When it comes to being a guardian or a conservator in Minnesota, the most important thing a person can do is fully understand both the powers that are given to them and the laws that govern the position they have accepted.
Here are five important MN legal statutes that all Minnesota guardians and conservators should read and understand before they take on the responsibilities of the position. Keep in mind that these statutes can change, so check back often to see if they have changed. If you are struggling to understand these statutes, or have any questions regarding them, we suggest you consult with an attorney.
Minn. Stat. § 524.5-120 – Bill of Rights for Wards and Protected Persons
This statute acts as a basic “Bill of Rights” for protected persons in the state of Minnesota. It is your responsibility to not infringe upon any of these rights while acting as a guardian or conservator. It is also required that you notify the protected person of these rights once per year.
Minn. Stat. § 524.5-313 – Powers and Duties of a Guardian
This statute lays out the basic powers and duties of guardians. Keep in mind that every case of guardianship is different, and the judge may grant you specific powers based on that case. Check with the courts to understand your specific duties for your case.
Minn. Stat. § 524.5-316 – Annual Reporting Requirements of a Guardian
Guardians are required every year (or as ordered by the court) to submit a written report to the courts outlining the general condition of the protected person. This statute states what is supposed to be in that report. If you are uncertain what to include, work with your attorney to complete the report or ask the courts for more information on what they need.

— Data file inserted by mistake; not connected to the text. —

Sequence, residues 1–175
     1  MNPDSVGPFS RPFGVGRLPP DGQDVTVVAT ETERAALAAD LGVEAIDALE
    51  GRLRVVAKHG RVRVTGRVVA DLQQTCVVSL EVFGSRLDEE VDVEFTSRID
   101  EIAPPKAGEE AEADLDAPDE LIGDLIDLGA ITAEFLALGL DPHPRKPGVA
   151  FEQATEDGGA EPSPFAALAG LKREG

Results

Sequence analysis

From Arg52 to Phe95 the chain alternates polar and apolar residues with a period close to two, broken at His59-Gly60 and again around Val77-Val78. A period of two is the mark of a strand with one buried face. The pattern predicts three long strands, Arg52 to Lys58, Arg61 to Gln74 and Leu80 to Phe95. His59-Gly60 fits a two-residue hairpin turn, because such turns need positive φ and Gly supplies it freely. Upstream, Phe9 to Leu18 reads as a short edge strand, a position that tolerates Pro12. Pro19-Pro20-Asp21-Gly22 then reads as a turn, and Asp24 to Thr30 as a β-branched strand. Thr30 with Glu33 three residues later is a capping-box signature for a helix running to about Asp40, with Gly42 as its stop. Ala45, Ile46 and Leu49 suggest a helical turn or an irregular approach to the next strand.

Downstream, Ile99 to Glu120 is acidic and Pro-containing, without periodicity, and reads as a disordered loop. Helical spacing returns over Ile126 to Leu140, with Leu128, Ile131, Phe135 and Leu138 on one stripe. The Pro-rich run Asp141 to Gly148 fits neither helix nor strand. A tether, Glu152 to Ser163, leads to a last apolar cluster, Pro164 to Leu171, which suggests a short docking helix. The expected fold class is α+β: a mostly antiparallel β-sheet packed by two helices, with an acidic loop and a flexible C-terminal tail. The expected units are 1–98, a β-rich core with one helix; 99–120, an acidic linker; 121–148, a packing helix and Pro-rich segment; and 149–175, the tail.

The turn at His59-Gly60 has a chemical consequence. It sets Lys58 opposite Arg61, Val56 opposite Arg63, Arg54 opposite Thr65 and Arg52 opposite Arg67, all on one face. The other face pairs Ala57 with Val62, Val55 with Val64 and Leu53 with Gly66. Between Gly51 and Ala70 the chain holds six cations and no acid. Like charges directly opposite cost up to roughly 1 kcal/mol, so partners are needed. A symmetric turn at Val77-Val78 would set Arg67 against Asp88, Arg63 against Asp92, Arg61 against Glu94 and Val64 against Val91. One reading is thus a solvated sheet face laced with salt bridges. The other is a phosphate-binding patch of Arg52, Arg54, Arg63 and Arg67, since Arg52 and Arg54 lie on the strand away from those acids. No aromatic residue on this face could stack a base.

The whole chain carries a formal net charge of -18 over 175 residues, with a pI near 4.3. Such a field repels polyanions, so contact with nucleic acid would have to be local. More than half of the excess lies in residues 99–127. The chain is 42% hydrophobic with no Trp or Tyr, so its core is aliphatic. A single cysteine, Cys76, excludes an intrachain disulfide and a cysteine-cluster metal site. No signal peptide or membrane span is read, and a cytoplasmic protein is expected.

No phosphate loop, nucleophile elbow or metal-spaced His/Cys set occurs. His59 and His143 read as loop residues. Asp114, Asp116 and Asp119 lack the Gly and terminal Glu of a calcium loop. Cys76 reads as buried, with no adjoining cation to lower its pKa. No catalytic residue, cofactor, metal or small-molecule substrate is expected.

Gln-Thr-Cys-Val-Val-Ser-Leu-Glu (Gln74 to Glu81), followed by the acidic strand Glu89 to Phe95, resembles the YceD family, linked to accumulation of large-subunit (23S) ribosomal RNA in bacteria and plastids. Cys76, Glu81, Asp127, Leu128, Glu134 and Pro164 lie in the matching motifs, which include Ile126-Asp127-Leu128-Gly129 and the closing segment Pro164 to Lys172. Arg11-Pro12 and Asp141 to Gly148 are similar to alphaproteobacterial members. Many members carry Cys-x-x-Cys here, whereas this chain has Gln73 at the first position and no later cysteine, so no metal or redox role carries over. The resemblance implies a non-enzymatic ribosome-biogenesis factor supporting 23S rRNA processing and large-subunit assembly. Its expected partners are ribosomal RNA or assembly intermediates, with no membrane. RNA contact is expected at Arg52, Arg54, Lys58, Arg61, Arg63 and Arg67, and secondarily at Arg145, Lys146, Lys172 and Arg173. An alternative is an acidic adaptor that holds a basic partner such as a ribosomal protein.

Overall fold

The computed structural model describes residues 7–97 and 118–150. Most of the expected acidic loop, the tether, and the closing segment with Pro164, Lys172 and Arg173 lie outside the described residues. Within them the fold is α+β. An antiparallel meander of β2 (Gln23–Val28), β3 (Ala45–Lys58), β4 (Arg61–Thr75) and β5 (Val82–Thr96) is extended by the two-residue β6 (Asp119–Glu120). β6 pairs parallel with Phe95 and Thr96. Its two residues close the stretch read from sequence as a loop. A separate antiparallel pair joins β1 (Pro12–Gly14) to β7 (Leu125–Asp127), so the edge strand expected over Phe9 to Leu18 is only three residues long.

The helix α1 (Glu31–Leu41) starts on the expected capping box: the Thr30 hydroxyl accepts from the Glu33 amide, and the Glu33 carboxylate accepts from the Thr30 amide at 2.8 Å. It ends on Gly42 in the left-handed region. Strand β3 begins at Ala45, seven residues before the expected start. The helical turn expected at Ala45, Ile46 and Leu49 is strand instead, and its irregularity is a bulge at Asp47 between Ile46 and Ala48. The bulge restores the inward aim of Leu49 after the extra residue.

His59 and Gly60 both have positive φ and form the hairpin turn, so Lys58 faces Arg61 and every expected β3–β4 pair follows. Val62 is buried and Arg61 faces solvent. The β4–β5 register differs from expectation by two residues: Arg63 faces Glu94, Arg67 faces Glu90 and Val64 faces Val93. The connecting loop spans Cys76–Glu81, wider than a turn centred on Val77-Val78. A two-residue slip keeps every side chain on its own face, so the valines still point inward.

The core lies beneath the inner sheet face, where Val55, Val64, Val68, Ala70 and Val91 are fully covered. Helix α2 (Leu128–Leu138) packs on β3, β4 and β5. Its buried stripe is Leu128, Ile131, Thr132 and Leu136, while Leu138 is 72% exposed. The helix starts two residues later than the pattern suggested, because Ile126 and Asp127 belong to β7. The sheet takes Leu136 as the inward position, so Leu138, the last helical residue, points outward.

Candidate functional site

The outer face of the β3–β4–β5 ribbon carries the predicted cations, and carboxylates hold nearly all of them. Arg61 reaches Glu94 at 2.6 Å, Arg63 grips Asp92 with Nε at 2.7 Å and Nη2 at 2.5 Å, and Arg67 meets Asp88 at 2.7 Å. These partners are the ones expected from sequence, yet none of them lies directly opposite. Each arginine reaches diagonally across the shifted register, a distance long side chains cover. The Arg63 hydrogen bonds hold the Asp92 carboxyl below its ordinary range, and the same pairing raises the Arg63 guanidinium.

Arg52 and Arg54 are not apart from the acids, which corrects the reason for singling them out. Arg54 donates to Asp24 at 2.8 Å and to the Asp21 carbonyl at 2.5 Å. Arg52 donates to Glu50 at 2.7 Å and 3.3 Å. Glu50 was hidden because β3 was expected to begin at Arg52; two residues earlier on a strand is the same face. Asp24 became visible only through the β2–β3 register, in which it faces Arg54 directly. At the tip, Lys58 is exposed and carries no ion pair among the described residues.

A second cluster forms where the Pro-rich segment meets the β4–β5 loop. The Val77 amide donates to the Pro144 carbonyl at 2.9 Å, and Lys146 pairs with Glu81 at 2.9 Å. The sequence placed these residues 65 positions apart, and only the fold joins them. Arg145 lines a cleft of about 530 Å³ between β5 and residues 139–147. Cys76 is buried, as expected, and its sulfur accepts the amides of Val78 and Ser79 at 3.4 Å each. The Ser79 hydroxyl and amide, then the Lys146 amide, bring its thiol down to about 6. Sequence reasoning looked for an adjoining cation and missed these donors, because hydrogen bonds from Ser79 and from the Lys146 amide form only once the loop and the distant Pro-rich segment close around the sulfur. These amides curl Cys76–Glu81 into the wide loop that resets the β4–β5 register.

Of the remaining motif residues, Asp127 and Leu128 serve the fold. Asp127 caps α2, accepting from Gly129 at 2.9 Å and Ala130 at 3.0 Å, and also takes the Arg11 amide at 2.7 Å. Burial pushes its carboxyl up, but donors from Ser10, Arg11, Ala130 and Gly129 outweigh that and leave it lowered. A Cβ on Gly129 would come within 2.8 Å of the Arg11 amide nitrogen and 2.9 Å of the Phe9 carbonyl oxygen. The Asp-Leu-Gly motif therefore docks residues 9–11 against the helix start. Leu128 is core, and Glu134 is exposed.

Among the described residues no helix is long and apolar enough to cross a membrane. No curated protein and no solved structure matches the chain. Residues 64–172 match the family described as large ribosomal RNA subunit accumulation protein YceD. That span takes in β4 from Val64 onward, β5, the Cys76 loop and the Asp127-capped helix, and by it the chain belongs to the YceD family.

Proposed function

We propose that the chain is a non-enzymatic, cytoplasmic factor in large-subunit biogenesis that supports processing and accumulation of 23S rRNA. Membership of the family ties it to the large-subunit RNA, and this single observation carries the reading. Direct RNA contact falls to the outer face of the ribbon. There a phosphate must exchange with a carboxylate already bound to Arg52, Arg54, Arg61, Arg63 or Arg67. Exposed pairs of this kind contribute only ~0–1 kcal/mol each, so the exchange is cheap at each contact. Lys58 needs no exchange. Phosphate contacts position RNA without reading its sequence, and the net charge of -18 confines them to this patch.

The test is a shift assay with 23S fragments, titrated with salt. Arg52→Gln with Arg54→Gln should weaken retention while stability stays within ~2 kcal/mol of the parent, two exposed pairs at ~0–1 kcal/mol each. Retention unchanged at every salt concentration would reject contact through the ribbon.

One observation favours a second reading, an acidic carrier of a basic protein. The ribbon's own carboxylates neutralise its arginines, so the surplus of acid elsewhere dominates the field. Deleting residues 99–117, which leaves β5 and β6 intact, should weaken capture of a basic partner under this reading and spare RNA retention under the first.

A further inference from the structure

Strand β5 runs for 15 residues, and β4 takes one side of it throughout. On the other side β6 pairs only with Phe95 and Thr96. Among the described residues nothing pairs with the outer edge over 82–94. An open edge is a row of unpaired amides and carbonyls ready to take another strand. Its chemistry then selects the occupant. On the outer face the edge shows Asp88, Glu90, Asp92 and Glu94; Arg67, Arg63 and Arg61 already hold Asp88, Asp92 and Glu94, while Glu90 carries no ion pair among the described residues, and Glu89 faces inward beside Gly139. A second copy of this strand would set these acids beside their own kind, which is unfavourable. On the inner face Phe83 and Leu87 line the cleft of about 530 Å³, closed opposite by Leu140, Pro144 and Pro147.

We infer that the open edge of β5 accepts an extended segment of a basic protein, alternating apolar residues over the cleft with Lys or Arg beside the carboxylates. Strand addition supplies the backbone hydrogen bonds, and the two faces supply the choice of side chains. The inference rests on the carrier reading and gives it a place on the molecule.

Minn. Stat. § 524.5-417 – General Powers and Duties of a Conservator
This statute lays out the basic powers and duties of a conservator. As with guardians, your specific duties and powers as a conservator may differ per your case. For conservators, your specific duties are expressly detailed in the will or trust you are overseeing. Check with your attorney to see what you are specifically responsible for.
Minn. Stat. § 524.5-420 – Annual Reporting Requirements of a Conservator
Conservators in Minnesota are required to annually (or as ordered by the courts) submit a report that includes an accounting of the assets of the protected person. This statute lays out the guidelines for the report and outlines what is supposed to be included. This is important to get right because the courts may order an audit of your account. If you unsure about filing the report, work with an attorney and/or a financial advisor. You can also ask the courts for clarification on anything that needs to be included in the accounting.
Becoming a Guardian or Conservator
In most cases, Minnesota judges will require a person to submit a surety bond before they become a guardian or conservator. If you are going to accept either of these positions, contact The Patrick J. Thomas Agency today to learn what you need to apply for a bond.
Disclaimer: this is for informational purposes only and is not intended to be legal advice. If you need legal counsel, please contact an attorney directly.